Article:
The prophet Isaiah is probably best known for the beautiful words we hear in the seasons of Advent and Christmas: The people who walked in darkness have seen a great light; a child has been born, and he is named Wonderful Counselor, Mighty God, Everlasting Father, Prince of Peace. But Isaiah, like all prophets, also has words of judgment and warning for us. In the very first chapter of his book, Isaiah rebukes the people of Judah harshly. They are, he says, evil and corrupt: utterly estranged from God.
How have the Judeans earned this scathing indictment? They spend too much money on churchy things: burnt offerings and incense. They require the local farmers to attend too many festivals, a hardship, because time away from the fields meant a loss of preciously needed income. They have an excess of food, and enjoy prosperous ease, while forgetting the poor and needy.
The people of Judah have gotten extravagant. They’re failing to look after those who are most vulnerable among them. The prophet counsels them: “Cease to do evil, learn to do good: seek justice, rescue the oppressed, defend the orphan, plead for the widow.”
We have all too much in common with the Judean people, and it’s hard to enjoy this scriptural lecture when we realize it’s directed at us, as well. But dare I say that this kind of lecture is often good for us? Our encounters with the Living God should be powerful and challenging enough to slowly free us from all of the lies we have been taught, from all of the injustices we are complicit in, and from all of the habits that are harmful to us. Our encounters should liberate us to love God and our neighbor with all our hearts, and minds, and strength; and our neighbors as ourselves.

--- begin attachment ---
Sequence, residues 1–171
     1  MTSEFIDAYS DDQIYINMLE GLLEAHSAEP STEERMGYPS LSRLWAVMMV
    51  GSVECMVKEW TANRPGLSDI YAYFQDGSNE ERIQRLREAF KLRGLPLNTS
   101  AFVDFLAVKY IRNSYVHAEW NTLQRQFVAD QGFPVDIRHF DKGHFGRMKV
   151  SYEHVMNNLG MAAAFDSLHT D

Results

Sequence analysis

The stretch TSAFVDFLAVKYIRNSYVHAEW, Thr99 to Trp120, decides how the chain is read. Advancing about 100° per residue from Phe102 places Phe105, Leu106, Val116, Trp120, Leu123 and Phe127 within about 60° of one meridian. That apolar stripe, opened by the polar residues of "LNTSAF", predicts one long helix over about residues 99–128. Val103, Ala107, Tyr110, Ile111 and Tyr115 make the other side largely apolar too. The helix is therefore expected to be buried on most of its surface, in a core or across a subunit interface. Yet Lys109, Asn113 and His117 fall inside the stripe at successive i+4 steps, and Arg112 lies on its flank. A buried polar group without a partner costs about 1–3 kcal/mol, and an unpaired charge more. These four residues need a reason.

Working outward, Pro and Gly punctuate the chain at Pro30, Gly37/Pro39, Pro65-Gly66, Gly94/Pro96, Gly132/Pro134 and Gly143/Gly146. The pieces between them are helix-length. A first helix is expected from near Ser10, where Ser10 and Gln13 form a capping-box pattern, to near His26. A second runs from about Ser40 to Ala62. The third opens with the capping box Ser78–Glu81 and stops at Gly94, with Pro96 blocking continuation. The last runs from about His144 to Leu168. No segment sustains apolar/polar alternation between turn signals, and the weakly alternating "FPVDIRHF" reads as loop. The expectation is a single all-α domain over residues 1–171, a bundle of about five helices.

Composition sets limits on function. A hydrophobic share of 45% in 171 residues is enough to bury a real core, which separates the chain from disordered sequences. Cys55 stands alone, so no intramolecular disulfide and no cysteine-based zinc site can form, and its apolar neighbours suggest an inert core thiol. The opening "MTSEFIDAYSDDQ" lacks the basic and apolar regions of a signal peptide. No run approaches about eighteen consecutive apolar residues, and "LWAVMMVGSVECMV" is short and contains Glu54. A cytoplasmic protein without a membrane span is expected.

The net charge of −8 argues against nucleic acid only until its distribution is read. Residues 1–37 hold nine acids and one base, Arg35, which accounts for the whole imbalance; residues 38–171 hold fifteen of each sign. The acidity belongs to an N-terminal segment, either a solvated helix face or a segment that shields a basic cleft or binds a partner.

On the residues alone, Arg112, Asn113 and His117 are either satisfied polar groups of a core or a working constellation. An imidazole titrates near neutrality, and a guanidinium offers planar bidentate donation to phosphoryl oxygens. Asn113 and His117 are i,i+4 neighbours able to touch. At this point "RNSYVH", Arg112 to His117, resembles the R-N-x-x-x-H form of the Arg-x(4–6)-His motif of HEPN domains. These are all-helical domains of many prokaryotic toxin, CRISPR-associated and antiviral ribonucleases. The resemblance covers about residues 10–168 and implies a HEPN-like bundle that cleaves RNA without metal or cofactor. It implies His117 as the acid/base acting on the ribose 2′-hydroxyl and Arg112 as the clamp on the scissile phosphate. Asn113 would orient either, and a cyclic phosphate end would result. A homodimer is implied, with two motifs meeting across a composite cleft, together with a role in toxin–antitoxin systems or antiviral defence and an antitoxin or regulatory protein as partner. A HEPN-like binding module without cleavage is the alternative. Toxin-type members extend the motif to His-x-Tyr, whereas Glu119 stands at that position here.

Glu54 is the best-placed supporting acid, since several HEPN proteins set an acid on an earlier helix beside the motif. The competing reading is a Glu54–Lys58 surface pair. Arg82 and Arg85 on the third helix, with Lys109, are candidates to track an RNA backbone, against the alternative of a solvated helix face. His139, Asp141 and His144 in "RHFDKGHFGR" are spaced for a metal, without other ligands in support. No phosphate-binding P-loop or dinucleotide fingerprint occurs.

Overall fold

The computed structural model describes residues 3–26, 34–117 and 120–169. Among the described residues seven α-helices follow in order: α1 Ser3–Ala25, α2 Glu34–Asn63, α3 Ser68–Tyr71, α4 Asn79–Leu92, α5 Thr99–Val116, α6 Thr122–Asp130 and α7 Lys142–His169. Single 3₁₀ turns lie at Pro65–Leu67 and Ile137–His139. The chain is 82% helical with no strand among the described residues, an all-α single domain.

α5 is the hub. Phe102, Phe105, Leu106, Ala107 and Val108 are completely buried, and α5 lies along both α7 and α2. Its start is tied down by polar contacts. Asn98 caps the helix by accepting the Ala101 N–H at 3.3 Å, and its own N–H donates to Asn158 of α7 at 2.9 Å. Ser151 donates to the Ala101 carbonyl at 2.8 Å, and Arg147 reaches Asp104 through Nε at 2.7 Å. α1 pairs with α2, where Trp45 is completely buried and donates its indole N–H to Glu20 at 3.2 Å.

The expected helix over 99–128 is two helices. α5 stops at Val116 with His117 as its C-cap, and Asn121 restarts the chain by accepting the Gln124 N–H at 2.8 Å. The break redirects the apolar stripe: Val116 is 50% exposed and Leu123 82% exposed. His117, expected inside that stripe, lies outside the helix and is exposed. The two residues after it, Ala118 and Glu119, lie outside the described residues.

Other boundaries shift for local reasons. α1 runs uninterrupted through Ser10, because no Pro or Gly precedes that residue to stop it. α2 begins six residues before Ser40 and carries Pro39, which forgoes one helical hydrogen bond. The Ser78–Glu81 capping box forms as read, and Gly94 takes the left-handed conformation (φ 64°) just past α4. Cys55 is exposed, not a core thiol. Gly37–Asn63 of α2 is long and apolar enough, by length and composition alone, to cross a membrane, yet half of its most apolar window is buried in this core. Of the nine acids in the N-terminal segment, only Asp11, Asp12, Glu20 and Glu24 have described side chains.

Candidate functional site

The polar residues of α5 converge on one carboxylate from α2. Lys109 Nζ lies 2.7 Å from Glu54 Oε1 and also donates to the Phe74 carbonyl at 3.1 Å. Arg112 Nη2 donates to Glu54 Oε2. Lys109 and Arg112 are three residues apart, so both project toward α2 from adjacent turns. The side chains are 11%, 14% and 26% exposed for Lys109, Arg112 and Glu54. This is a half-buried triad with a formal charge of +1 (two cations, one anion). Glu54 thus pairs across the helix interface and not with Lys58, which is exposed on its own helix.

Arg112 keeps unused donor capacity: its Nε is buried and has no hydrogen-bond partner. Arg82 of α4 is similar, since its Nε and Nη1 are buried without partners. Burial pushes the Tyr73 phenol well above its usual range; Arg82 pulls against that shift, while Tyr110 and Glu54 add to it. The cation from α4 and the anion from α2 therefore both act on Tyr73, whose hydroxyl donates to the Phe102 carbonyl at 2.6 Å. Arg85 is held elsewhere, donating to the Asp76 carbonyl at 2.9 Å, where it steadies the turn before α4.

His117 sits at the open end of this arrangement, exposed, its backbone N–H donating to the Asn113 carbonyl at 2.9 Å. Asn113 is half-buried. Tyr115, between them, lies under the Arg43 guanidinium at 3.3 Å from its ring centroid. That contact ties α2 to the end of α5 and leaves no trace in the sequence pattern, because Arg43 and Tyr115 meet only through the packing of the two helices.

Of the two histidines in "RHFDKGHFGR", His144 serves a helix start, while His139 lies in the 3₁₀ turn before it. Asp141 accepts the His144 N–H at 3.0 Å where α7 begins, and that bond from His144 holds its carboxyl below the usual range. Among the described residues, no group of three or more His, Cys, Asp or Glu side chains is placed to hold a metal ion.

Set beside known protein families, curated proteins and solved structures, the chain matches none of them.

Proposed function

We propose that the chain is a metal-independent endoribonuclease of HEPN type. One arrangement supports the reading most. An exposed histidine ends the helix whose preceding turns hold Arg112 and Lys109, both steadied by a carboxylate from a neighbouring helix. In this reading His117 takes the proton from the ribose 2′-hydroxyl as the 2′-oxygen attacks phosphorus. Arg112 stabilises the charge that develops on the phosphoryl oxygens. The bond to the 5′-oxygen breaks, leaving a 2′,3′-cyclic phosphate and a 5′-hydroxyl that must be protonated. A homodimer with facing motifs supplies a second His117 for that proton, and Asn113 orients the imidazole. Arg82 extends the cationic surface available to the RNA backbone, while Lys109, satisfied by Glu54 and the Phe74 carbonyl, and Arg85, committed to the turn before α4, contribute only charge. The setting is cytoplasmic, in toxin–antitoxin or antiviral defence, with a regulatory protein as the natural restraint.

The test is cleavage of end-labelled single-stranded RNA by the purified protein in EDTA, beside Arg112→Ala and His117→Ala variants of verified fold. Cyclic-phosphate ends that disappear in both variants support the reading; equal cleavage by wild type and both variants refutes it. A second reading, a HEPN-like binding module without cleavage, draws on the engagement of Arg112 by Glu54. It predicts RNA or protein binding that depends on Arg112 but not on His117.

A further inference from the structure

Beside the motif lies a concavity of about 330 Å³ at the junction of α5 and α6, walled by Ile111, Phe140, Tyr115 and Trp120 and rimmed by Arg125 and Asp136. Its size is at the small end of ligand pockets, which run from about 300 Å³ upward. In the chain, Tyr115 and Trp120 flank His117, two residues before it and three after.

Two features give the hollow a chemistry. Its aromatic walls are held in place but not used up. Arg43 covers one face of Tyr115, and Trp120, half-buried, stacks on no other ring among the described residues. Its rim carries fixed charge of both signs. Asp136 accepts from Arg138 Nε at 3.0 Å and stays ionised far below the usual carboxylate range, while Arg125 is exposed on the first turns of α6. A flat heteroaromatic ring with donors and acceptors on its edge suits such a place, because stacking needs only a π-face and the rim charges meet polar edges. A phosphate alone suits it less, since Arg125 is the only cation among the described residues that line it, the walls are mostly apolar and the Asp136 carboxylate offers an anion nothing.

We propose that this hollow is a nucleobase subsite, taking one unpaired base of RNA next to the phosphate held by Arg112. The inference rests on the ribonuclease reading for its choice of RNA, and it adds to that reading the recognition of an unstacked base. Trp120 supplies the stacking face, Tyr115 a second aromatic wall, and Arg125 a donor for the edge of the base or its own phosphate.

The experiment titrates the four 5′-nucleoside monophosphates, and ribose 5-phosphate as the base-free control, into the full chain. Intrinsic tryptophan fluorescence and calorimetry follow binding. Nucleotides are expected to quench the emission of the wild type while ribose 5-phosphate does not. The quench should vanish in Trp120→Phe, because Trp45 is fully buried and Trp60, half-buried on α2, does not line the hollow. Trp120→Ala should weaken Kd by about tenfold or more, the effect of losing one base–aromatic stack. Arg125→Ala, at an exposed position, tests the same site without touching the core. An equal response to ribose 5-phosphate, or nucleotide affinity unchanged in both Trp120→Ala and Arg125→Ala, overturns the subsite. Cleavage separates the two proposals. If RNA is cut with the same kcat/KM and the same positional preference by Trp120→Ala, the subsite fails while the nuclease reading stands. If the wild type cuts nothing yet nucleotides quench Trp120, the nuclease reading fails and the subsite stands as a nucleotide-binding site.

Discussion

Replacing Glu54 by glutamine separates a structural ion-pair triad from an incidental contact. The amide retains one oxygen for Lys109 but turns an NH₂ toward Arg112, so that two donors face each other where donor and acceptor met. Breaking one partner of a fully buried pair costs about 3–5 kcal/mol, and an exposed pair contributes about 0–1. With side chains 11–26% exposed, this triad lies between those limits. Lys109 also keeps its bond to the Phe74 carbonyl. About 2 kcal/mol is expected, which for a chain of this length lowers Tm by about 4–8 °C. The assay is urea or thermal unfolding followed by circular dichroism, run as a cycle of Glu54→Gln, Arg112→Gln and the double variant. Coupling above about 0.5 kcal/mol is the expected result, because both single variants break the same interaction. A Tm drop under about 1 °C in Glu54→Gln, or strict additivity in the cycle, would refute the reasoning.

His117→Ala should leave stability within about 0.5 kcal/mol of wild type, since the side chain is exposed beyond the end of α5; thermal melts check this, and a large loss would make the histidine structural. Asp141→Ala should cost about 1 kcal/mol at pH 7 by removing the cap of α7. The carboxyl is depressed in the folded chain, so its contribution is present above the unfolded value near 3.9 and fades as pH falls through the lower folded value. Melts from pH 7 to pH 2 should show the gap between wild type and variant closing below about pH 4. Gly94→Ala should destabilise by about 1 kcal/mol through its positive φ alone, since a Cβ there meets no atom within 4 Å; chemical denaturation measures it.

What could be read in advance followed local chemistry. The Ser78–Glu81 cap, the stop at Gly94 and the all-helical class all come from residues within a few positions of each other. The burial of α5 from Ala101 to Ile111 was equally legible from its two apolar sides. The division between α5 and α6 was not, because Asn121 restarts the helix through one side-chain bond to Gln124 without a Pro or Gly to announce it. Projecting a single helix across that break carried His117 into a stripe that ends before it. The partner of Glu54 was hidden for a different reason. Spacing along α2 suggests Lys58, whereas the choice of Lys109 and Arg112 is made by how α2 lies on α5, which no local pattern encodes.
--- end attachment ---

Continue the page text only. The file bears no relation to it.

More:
Wherever we are on our journey, God invites us to try again, to take one more step towards humility, towards simplicity, towards compassion, towards justice. What step could you take? What freedom could you embrace?
God, embolden us to understand where we have gone wrong. Awaken our trust in your mercy. Through your grace, may we slowly become who you created us to be, ceasing to do evil, and learning to do good. Amen.